The first five issues of Image’s series, Mirror, has been collected into the a new volume; a fantasy tale with sci-fi elements, Mirror tells the story of a group of mage-scientists from Synchronia that arrive on a small asteroid in order to unlock its secrets. Soon after, the animals they have brought with them begin to gain human-like intelligence. Thinking this evolution holds the key to the asteroid’s mysterious power, the mages try and replicate the feat in their own labs. Soon enough it’s man vs. animal.
Mirror: The Mountain (Image Comics)
Mirror‘s narrative plays out at a methodical pace. Ivan, a mage-scientist in training, and Sena, evolved from a dog into a more human-like being, are our first introduction to the world. Writer Emma Rios quickly populates this world with characters, both human and animal, whose stories are told through jumps forward and backwards in time. There isn’t any hand-holding at the beginning and it may take a while for some readers to distinguish each character’s relationship to one another and their place in the story. However, Rios does a great job making each character feel necessary and not simply a prop to bounce dialogue off of. I initially thought of Ivan and Sena as the main characters, but the way Rios develops others that at first seemed minor, like the minotaur Aldebaran, made me rethink that position, as important parts of the narrative are played out without either of the former present.
The story is heady stuff, with themes of love, family, bigotry and self-identity throughout. However, I didn’t find it so overly ambiguous that I was left feeling I had missed or couldn’t understand something. What Rios has accomplished is harder than it looks, as many writers who try to make their readers “think” simply leave the plot so open ended that it tumbles into confusion. I think that may be the reason for the deliberately slow pace and introduction of details, which allows the reader a chance to come up to speed slowly and get immersed in the world and characters so that the questions it raises come more organically, rather than having a character on a soapbox shouting out ideas and viewpoints they didn’t earn.
I might have a different opinion had I been trying to follow Mirror in monthly chunks, trying to remember what happened last issue each time a new one came out; however, I think Rios had a definite roadmap in mind for these first few issues; where it was headed and where it would end up. You never get the feeling she was marking time, using filler until the next important plot point was supposed to appear. Instead, it was a clever division into five issues, of a longer story, already written.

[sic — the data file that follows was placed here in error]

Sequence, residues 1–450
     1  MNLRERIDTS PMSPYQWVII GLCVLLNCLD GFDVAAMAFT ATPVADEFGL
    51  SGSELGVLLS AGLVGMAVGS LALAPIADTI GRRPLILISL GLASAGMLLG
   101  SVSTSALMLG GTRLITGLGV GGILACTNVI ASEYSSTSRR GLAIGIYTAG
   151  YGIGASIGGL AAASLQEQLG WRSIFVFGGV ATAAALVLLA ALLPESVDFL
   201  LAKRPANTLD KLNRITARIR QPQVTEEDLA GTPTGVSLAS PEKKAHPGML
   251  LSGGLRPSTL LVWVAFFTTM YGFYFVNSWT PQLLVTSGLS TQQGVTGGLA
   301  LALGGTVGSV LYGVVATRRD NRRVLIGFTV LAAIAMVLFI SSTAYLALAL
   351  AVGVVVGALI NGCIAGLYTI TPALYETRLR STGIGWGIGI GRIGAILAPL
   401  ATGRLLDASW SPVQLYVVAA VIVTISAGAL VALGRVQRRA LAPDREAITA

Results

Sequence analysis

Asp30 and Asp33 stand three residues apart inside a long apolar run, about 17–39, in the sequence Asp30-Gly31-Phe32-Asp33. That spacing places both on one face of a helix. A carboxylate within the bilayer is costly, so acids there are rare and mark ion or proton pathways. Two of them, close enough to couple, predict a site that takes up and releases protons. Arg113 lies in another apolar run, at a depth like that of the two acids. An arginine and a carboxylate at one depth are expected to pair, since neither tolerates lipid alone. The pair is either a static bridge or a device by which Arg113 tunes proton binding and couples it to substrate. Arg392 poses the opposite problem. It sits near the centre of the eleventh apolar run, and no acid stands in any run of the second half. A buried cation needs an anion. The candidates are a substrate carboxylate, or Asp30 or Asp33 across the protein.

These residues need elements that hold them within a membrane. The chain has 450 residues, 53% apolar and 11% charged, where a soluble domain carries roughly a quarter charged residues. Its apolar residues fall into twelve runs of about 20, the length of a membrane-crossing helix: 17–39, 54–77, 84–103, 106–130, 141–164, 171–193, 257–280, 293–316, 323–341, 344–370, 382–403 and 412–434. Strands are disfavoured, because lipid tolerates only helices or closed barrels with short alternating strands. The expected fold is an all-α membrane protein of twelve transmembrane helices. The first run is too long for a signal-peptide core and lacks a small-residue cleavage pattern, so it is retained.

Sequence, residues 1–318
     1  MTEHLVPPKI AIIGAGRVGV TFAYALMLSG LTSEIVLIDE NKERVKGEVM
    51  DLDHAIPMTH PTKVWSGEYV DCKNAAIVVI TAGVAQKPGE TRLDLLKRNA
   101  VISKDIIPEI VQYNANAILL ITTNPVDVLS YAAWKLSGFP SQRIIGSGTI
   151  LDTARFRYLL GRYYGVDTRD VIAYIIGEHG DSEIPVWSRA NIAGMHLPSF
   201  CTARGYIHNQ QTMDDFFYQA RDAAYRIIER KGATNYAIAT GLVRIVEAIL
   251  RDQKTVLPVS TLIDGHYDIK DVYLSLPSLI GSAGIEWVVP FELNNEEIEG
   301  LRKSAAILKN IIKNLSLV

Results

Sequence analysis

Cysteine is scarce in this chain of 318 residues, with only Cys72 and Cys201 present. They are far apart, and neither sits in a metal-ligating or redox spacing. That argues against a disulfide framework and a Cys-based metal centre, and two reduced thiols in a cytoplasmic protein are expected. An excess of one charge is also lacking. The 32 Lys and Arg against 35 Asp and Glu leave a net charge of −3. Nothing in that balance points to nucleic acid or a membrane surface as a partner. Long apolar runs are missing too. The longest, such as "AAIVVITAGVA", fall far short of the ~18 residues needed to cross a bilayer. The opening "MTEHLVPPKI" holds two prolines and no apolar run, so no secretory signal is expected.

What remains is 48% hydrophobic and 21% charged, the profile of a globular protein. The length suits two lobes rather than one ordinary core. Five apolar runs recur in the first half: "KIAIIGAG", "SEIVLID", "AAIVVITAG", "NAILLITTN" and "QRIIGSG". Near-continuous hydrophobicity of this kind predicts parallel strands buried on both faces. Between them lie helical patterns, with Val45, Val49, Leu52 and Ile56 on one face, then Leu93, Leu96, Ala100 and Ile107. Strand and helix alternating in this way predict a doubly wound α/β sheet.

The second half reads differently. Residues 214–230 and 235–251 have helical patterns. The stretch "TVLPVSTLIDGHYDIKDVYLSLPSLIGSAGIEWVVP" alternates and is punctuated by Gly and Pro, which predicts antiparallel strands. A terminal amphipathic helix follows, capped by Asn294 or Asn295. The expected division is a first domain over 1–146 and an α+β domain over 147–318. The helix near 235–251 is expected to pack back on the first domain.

Artist Hwei Lim has done a magnificent job setting the visuals apart from other comics. It looks as if each page was done in a light pallet of watercolors, with lots of white around the edges that really soften each image. His painterly style really draws the eye to the characters, as background landscapes and objects are sometimes less focused and detailed. The splash pages really stand out in this watercolor style, so much so that I would spend a few moments on each one, just to enjoy the visuals and try to put my finger on what I liked about it. Usually the art style helped set a mood with the look of each panel or page. In particular, one page done in mostly blue, with an older Sena standing by a lakeshore at night as she discovers the death of someone she cared for, absolutely accentuated the tone of the moment.
Is It Good?
I thought Mirror: The Mountain was great. I could see how some might be turned off by the slow-burn narrative and how the story jumps around in time, introducing new characters, and then reintroducing others whose relationships have changed towards one another depending on what year it is taking place; in that regard, having the entire story arc together in one volume is my recommendation if you’d like to read it. The art and writing blend for a really unique experience that impressed me in both what its trying to do and what succeeded on the actual page.